Good evening from the Turkish Airlines lounge at Istanbul's Ataturk Airport, on my way home to Asia together with some of Travelife Magazine's readers and friends who accepted our invitation to embark on an adventure together and who have journeyed to Turkey for a week of unforgettable adventures. We're all waiting for our midnight flight back to Hong Kong, and most have engrossed themselves in last-minute shopping for Turkish delights, raki, apple tea and other treats only available in this part of the world.
Finally, time for breakfast!
The day began with a lesiurely breakfast at our hotel in Istanbul (which was flying the Philippine flag outside, in honor of the 70 Filipinos staying at their hotel these past two weeks -- we'll bet good money that not too many Turkey hotels have flown the Philippine flag in front of their hotel before!), where I finally found the time to actually sit at the breakfast table and enjoy a plate of crunchy churros with chocolate, and alongside it a plate of feta cheese, honey and croissants. It's a strange combination, I know. But the churros are done very well at our hotel, which is a Spanish chain with a Spanish operations manager; and the second plate is a typical Turkish breakfast which I also just have to have when I am in Turkey.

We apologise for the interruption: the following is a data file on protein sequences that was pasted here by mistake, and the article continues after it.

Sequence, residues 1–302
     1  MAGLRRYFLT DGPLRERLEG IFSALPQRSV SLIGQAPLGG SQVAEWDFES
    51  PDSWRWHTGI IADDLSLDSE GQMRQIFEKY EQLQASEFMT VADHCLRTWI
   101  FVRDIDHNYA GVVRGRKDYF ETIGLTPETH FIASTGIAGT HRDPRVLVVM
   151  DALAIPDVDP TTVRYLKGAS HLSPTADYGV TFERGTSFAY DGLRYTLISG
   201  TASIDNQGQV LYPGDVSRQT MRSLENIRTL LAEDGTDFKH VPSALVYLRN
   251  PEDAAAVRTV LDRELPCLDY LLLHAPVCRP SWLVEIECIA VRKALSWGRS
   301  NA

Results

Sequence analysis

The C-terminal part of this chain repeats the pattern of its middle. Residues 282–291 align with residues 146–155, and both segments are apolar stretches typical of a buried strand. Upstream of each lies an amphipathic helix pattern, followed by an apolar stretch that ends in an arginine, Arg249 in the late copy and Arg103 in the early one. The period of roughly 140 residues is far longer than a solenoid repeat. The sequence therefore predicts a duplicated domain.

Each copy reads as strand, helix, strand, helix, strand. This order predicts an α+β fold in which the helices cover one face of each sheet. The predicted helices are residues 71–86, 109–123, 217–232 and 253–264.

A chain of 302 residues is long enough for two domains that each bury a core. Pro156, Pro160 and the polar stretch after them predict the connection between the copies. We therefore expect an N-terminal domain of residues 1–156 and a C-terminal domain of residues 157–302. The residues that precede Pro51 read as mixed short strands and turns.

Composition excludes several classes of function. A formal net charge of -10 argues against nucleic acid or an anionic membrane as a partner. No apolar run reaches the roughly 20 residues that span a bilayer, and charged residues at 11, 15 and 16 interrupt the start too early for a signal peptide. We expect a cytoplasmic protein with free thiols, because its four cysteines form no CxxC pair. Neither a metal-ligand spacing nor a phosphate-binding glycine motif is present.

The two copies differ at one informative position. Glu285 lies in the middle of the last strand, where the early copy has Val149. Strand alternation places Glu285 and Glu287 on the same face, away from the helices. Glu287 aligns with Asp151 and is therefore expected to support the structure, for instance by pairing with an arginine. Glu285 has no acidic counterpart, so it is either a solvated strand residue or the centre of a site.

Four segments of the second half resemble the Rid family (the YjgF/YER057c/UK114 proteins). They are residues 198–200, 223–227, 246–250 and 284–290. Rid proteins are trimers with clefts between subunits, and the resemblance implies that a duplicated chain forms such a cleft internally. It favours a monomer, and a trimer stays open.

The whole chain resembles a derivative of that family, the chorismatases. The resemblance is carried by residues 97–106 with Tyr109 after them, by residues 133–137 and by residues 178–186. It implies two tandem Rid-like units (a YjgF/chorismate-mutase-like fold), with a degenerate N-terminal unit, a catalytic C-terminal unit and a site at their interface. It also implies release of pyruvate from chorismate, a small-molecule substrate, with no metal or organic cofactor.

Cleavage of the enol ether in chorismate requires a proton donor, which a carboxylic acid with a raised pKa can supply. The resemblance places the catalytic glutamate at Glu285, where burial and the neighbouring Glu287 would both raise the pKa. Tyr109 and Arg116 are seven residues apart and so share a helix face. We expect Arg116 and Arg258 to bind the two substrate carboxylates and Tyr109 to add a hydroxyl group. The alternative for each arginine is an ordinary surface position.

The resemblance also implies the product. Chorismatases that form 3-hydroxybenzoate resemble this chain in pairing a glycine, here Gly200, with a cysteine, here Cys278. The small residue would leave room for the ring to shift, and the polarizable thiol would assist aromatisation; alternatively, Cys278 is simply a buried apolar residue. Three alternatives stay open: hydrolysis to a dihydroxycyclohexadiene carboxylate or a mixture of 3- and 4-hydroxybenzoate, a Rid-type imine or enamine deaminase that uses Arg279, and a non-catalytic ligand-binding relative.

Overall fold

This entire week in Istanbul, I'd been so busy catching up on emails each morning that I never had time for breakfast. I usually slipped into my front-row seat on the bus a few seconds after 9 am with a chocolate croissant wrapped in a paper napkin in my pocket and a plastic cup of ice in lieu of the buffet breakfast that everyone else was having. But today, we were checking out just before noon so there was lots of time to eat and pack.
Lunch at Cicek Pasaji and dessert at Saray